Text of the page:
What is Hyperpigmentation?

Hyperpigmentation is a condition in which dark patches appear on the skin. This darkening of the skin occurs when melanocytes become hyper-stimulated.

In turn, from this excess stimulation, melanocytes create an increased production of melanin. Melanin is the pigment that gives skin it’s color. So, when our bodies begin to produce more of it, it causes us to tan or in this case, develop dark spots.

Hyperpigmentation Diagram

People with a fairer complexion have less melanin and tend to develop hyperpigmentation more easily than others. However, individuals with darker complexions may have more difficulty getting rid of hyperpigmentation.

Causes of Hyperpigmentation

There are a variety of causes for hyperpigmentation. The causes range from simple day-to-day activities to possible warning signs of illness. Here’s what you should know:

Hyperpigmentation can occur as a result of excessive exposure to the sun. With sun damage, darker spots appear in areas that are always subjected to the sun i.e., face, arms, and legs.

Melasma is characterized by brown patches that commonly appear on women during pregnancy. Heredity, sun exposure, and hormones play key roles in its development.

Melasma Patch

Inflammation can lead to discoloration of the skin. Dark spots can be triggered in areas that have become inflamed due to acne (acne scars), insect bites, or minor injuries.

Dark patches on the skin can also be a sign of serious illnesses such as lupus or cancer. Consult a doctor to rule these medical issues out.

Preventing Hyperpigmentation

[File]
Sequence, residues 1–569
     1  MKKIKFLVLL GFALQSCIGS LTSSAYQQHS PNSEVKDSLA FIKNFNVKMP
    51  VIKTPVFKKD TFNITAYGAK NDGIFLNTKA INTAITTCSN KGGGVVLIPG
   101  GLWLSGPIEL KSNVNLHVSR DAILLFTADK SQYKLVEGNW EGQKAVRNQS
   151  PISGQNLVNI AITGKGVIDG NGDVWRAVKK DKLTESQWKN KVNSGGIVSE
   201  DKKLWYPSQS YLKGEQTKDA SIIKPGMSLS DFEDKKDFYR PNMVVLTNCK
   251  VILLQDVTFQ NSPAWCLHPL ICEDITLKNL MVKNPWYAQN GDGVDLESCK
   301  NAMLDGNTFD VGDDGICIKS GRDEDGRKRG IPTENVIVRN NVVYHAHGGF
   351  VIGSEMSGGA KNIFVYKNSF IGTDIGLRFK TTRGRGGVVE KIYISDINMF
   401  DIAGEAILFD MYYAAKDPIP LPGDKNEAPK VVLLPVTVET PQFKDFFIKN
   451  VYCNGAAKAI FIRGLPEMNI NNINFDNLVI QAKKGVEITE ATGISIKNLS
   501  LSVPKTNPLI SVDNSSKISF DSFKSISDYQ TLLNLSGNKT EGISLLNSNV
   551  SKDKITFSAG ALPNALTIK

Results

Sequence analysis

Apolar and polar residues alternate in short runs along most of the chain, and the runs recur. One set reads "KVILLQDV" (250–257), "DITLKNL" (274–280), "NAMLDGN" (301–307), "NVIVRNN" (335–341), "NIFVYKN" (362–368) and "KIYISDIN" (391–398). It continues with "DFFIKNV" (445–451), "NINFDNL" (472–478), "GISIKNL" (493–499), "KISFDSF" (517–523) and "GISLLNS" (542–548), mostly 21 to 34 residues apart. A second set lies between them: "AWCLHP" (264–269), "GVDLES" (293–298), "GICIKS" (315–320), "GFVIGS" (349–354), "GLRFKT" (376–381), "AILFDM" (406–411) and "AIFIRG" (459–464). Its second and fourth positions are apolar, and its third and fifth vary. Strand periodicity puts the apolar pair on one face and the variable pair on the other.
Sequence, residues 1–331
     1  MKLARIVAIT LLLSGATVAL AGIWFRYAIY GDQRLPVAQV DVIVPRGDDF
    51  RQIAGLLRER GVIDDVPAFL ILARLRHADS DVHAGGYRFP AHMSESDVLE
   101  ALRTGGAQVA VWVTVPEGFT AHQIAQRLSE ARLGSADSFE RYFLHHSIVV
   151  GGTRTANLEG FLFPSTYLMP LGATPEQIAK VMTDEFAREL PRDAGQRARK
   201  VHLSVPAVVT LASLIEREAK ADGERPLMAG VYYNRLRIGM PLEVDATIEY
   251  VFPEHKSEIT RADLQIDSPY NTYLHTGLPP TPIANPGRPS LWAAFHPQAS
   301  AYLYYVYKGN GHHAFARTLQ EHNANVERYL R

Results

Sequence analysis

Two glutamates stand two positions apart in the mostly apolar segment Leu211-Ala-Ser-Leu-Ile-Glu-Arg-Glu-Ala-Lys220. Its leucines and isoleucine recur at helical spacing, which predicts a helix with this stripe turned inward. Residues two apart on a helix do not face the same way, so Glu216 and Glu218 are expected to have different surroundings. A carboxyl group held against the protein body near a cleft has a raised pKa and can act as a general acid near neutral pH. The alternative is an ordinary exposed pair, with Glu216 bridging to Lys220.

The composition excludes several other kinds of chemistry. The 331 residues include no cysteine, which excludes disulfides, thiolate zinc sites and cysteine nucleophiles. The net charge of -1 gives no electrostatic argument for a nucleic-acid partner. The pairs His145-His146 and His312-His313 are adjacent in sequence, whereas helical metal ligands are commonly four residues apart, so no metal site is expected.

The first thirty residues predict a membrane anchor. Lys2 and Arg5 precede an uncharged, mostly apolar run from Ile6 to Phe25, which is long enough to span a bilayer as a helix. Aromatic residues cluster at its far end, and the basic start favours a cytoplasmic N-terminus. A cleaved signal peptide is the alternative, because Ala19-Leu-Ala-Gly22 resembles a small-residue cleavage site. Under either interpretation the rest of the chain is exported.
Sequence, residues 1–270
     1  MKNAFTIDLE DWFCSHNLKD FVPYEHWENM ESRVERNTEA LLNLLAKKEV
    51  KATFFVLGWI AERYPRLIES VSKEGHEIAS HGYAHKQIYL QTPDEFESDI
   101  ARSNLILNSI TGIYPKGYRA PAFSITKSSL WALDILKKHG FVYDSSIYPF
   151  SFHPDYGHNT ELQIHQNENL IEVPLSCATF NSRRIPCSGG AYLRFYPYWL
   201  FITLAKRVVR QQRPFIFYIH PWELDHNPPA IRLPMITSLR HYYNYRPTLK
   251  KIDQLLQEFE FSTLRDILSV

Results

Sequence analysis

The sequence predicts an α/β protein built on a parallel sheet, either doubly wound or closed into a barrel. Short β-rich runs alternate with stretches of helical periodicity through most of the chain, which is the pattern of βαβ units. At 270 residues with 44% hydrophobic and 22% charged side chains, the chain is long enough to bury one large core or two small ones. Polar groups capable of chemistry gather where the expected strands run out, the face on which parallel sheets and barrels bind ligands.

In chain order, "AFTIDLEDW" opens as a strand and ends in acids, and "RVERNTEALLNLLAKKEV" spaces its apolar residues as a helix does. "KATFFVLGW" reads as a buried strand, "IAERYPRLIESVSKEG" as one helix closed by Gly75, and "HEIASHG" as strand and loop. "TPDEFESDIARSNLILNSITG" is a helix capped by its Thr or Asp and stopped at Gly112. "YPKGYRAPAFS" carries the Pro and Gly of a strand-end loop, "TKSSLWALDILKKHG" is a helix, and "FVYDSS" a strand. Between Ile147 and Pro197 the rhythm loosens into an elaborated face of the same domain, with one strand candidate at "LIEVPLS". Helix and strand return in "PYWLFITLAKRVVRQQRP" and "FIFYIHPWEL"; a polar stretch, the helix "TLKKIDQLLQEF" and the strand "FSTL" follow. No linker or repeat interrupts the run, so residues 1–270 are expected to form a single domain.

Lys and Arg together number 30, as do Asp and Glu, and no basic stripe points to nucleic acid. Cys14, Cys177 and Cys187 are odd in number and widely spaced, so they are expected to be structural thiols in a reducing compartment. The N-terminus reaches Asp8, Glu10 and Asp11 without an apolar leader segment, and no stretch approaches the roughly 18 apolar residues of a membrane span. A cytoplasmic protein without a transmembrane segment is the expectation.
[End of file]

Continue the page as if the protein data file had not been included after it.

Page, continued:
The primary cause of hyperpigmentation is the sun. Avoid exposing yourself to its damaging rays for prolonged periods of time.

Sunburn leads to inflammation which is a big proponent of dark spots. Doctors recommend using a daily sunscreen with at least SPF 30 protection.

Since dark spots can also be caused by an injury, acne, or even a bug bite, avoid touching affected areas to prevent further inflammation.

Stay moisturized with ingredients that benefit the skin. Choose a product that will restore your skin’s barrier and boost cell turnover rate.

How to Treat Hyperpigmentation

If you have hyperpigmentation, the following will help reduce its appearance and minimize further damage:

  • Vitamin C boosts collagen and helps reverse cell damage.
  • Vitamin E protects skin from further damage and offers anti-inflammatory benefits.
  • Hyaluronic acid offers additional moisture and speeds up wound healing.
  • Retinol to boost cell turnover rate.

Consult a medical professional for further information about topical prescription treatments. These treatments may include products that offer hydroquinone, azelaic acid, or corticosteroids; agents that provide a bleaching effect.

For more serious skin issues, laser treatment, ablative or nonablative, can be effective.

Ablative lasers remove the top layer of skin, effectively erasing the skin issue.

Nonablative lasers, on the other hand, pass through the skin without removing any. Both laser types are used to correct hyperpigmentation, skin texture, and tone.

New Jersey Vein and Vascular Center addresses a full range of issues that affect your skin. We specialize in creating a treatment plan that will meet your expectations and achieve your desired results.

Contact us for more information about changing the look of your skin for a more confident and healthier you.